What to do when you feel the first hint of a cold or flu

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The short answer is SWEAT IT OUT. Most viruses and bacteria have only a  narrow temperature range at which they can survive. This is why fever is effective at eliminating them: we raise our body temperature higher than they can take, and that kills them or limits their ability to multiply and that buys time for our immune system to destroy them.

 HERBS FOR COLD AND FLU

Here are some great herbs that assist us in working up a slight sweat:

a)  When you get that first sense that you may be sick, immediately have some hot cinnamon and ginger tea.The cinnamon warms and relaxes the muscles and promotes blood flow, while the ginger is spicy and warming.

b) Great additions include :

  •  Boneset (great for the aches and pains of a cold),
  •  Yarrow (is a diaphoretic, meaning it will help you sweat).
  •  You can also add some culinary thyme to the brew for antimicrobial function,
  •  Rosehips for Vitamin C.

Because these are not commonly kept around the house, it may be worth it to have a small “Flu Kit” ready.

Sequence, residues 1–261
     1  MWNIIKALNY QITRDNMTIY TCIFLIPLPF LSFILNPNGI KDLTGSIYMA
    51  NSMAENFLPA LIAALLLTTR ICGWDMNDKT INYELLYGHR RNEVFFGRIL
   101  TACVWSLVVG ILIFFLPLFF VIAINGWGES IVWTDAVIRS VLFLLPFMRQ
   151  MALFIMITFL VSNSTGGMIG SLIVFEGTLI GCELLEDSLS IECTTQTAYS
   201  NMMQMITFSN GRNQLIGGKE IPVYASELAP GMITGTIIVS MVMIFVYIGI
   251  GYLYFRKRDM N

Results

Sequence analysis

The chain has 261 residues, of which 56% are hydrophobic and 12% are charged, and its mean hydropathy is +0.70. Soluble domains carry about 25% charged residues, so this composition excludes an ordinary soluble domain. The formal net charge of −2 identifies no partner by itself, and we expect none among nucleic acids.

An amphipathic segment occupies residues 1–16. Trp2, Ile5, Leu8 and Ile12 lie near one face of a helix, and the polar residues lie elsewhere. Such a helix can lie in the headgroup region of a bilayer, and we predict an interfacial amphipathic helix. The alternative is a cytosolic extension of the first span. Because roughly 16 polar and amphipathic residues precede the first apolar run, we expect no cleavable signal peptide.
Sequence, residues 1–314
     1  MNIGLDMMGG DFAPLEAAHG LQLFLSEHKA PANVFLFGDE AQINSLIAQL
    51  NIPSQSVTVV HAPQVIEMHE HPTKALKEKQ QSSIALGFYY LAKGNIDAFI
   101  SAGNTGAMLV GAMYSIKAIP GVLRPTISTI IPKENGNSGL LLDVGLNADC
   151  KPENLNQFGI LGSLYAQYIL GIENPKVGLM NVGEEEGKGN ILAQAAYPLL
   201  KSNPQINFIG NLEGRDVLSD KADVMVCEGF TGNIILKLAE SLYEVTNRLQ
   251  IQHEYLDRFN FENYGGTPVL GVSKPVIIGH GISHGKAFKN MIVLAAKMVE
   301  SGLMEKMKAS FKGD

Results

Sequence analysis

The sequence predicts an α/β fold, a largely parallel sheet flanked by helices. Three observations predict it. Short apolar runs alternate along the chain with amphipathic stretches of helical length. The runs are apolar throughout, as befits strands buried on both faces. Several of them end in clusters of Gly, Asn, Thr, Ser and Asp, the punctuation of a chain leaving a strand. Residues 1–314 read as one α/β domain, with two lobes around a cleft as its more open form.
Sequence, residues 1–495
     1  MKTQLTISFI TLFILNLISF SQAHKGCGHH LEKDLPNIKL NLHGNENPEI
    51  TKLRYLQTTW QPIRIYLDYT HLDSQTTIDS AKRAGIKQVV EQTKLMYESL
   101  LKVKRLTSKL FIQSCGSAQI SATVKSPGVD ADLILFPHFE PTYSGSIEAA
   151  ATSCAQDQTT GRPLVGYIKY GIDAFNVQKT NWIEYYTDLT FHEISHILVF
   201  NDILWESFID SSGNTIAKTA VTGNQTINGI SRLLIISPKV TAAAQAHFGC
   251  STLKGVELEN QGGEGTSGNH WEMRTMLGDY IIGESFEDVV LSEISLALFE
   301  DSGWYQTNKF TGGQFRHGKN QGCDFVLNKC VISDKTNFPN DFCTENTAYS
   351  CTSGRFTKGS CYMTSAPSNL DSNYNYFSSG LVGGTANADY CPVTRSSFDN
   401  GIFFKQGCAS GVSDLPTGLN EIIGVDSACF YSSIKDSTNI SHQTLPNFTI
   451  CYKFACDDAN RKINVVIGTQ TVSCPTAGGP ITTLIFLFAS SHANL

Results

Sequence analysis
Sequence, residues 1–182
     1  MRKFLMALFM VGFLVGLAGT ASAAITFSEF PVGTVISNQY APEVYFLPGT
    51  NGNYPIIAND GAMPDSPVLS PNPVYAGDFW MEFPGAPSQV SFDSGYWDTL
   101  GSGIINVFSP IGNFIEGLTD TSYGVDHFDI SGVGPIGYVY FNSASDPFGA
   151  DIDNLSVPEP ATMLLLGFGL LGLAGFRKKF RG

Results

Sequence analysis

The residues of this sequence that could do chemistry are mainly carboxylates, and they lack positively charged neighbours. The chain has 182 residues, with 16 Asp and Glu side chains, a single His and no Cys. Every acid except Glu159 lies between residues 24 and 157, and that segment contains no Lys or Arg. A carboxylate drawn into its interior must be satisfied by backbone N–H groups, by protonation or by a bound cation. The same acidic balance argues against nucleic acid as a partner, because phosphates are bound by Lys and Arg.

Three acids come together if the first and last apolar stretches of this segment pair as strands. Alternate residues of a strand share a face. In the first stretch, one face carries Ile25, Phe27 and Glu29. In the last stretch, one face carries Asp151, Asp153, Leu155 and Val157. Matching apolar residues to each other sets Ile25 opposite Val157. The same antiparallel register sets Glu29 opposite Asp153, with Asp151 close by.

Great sources for loose herbs include The Stone Cottage (on Gladstone and 39th) or The Herb Shoppe (on Hawthorne).

Or we have tinctures at Red Leaf Clinic and are always happy to make one up for you.

After drinking your tea, take a hot shower and then climb under lots of blankets.

Also, try to steer clear of using aspirin or other anti-inflammatories to remove the symptoms:

In one experiment, a pair of double-blind trials administered either aspirin or placebo to volunteers experimentally infected with rhinovirus, the most common virus to cause the common cold. Aspirin reduced the symptoms somewhat, but caused a “highly significant” increase in virus production.

In 2000, researchers tested the effects of antifever therapy with aspirin or acetaminophen (Tylenol)on  influenza A virus. The authors noted a “striking” prolongation of influenza infection in the patients who took either aspirin or acetaminophen (Plaisance et al.).

Try hot soup instead!

Zinc lozenges when taken within the first 24 hours of onset can shorten the common cold, but dosage and type of zinc need to be correct: Three trials used zinc acetate in doses over 75 mg and their combined results found a 42% reduction in the duration of the colds.  Five trials used other chemical forms of zinc over 75 mg and they produced only a 20% reduction in the duration of colds.

At Red Leaf Clinic we always think personalization of your treatment leads to the best outcome, so if you are feeling under the weather come on in for an herbal prescription made just for you, and enjoy the healing effects of acupuncture and cranial-sacral therapy. Otherwise put these simple remedies to work for you! Here’s to a  healthy winter.

Be kind and be brave,

Dr. Su Saccomanno

 

 

 

 

 

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